Credit Card Offers Create a Vicious CycleAmey Stone
Direct mail apparently works -- when it comes to credit card offers, that is. A recent article from eMarketer reports that 53% of card holders surveyed said they found out about their latest card through a mailing. The next highest percentage, just 11%, learned about the card from someone in a store.
Seeing this article prompted Joseph Sosville of Oxford, Michigan, to send me his analysis of how constantly switching to new cards that have low introductory rates is a vicious cycle for consumers.
Here is his email (with a few edits):
"This article does not address the 'why' consumer read so many credit card offers. It’s very simple. A consumer wants the 0.0% interest for six or more months as it makes for smart spending. Think of it, if you go on a shopping spree or just rack up $1,000 in new merchandise at 12% or higher on your current credit card and take six months to pay for it, you're incurring at least $60 in interest.
But carrying credit card debt becomes a vicious circle. The only relief that category of consumer can get from this ongoing debt is by paying a lower interest rate. So this category of consumer goes after the new lower rate card and feels “relieved” for a short period of time because they are not being clobbered by interest. After six months or so, the credit card offer of 0.0% expires and the ongoing rate kicks in at 12% or higher and the consumer is then looking for another 0.0% interest offer. Obviously the only way to do this is "read the credit card offers they get in the mail!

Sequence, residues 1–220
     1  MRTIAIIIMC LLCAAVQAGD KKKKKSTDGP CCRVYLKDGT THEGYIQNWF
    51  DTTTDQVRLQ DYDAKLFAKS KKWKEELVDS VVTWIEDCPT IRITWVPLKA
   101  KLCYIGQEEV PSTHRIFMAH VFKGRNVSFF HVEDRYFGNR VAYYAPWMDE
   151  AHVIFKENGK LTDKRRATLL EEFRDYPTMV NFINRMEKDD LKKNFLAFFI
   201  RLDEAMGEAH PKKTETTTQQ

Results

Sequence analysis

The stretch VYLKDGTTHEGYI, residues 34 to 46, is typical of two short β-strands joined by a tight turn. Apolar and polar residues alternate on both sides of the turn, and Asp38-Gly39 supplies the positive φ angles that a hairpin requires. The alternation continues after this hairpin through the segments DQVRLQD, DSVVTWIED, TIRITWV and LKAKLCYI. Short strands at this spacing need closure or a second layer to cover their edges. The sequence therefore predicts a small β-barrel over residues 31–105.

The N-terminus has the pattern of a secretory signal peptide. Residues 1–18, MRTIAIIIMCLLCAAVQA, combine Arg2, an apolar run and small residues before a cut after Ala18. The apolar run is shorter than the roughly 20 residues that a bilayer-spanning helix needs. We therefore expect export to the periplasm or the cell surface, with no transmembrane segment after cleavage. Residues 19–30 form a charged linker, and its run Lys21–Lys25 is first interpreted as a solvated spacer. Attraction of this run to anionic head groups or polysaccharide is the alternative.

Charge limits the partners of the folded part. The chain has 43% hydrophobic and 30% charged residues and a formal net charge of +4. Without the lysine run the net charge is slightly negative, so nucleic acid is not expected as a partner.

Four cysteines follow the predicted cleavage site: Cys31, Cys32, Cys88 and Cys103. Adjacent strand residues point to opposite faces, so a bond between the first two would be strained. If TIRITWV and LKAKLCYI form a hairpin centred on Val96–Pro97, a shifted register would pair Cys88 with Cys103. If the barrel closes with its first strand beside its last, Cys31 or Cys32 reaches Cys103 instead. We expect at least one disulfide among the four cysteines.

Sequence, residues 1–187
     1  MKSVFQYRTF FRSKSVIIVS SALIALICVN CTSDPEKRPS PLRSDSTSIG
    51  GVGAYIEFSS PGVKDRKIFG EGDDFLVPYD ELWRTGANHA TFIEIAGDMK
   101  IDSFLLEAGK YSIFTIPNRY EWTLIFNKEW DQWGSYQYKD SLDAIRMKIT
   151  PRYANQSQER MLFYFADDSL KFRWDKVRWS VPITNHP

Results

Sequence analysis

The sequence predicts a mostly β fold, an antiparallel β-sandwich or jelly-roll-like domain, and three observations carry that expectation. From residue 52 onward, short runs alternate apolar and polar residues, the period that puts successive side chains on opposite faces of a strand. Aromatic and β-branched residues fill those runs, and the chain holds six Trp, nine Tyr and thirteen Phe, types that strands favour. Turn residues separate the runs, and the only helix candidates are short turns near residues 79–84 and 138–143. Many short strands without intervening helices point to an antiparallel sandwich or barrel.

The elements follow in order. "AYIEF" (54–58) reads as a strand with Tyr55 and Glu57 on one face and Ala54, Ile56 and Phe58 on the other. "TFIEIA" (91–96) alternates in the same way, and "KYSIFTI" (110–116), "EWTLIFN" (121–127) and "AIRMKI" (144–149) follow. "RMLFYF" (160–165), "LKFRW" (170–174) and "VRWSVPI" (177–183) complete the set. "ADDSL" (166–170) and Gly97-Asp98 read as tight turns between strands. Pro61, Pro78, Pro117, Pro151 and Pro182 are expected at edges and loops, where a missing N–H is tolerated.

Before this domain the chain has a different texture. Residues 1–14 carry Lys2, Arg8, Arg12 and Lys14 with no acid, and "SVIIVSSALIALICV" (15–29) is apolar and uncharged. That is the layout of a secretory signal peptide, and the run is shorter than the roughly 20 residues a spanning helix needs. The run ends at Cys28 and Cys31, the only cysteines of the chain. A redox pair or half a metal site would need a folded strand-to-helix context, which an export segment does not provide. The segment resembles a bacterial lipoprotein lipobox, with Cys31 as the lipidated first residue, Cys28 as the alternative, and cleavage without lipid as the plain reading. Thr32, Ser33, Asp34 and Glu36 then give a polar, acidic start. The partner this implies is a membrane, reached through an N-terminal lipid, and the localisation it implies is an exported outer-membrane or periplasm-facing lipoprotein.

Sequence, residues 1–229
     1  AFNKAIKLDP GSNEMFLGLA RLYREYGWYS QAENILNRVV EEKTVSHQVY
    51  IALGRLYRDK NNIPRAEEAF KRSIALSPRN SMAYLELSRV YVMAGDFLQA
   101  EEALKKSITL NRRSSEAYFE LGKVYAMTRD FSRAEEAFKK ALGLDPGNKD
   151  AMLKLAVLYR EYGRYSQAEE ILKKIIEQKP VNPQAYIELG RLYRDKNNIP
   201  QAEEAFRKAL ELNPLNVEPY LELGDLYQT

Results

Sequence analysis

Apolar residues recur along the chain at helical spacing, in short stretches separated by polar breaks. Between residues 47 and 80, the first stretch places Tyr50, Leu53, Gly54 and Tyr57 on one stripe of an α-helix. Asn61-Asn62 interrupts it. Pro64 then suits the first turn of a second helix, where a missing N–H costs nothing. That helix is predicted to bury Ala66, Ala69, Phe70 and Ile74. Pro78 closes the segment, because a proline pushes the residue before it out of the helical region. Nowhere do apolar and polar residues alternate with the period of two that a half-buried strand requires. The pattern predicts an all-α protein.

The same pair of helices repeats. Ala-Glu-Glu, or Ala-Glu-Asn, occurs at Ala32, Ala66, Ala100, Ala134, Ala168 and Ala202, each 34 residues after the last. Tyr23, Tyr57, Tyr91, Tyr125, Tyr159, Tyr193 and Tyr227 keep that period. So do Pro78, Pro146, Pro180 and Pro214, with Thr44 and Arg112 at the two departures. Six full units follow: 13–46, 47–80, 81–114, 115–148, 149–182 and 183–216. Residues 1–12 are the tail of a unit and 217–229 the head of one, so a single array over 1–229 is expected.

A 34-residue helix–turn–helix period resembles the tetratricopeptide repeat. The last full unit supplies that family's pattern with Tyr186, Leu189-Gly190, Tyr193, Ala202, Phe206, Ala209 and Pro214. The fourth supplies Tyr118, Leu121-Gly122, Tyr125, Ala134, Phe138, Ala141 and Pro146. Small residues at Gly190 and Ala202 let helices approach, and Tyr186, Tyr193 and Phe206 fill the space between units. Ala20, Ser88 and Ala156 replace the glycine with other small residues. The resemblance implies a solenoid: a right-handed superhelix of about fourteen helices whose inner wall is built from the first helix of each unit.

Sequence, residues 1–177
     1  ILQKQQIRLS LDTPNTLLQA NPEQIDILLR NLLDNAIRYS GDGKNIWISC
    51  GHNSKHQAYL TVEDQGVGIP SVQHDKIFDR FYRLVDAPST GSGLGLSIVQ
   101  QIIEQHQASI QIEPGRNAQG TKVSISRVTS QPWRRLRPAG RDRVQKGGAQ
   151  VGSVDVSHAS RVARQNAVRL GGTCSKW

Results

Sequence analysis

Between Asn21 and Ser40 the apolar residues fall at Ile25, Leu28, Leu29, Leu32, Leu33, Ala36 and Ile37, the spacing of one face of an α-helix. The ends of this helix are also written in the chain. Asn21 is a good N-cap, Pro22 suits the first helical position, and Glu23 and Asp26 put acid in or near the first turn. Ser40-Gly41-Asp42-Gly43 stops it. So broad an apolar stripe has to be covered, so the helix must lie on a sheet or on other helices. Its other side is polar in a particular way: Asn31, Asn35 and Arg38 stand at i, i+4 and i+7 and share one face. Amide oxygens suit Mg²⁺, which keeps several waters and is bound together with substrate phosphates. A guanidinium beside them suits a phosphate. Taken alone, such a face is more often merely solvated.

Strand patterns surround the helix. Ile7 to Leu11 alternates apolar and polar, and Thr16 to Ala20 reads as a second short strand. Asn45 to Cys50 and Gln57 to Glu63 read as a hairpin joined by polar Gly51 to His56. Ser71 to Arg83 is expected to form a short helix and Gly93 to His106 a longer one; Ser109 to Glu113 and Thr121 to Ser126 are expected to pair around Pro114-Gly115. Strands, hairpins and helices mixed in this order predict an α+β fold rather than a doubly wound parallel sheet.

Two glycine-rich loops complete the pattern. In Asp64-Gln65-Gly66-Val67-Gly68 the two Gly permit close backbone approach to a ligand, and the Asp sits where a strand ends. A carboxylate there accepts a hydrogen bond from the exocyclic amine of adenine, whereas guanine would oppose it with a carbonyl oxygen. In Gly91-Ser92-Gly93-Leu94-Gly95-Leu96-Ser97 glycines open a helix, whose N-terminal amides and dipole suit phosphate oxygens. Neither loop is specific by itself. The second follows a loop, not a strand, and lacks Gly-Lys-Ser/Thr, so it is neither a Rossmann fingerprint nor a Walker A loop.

By now, you may be saying, 'So what else is new?'
The impact of these credit card offers is placing consumers at risk of having to pay a much higher, overall true cost of money (interest on credit card debt) for the merchandise they buy and put on a credit card.
They are also driven into a situation, wherein, if they have too many open credit cards and carry too much aggregated available credit, their credit score decreases. That once again, places the consumer at risk of having their ongoing interest rate adjusted upwards as they become categorized as an increased credit risk. Then they end up paying more interest, even as they payoff the carry over debt.
I believe that there needs to be a much more significant oversight and regulation of what credit card companies and banks are doing to the American consumer. They are flagrantly putting consumers at risk by saturating them with the availability of cheap credit (the bait) and then soaking them for a much more significant true cost of money."
Thanks for writing, Joseph!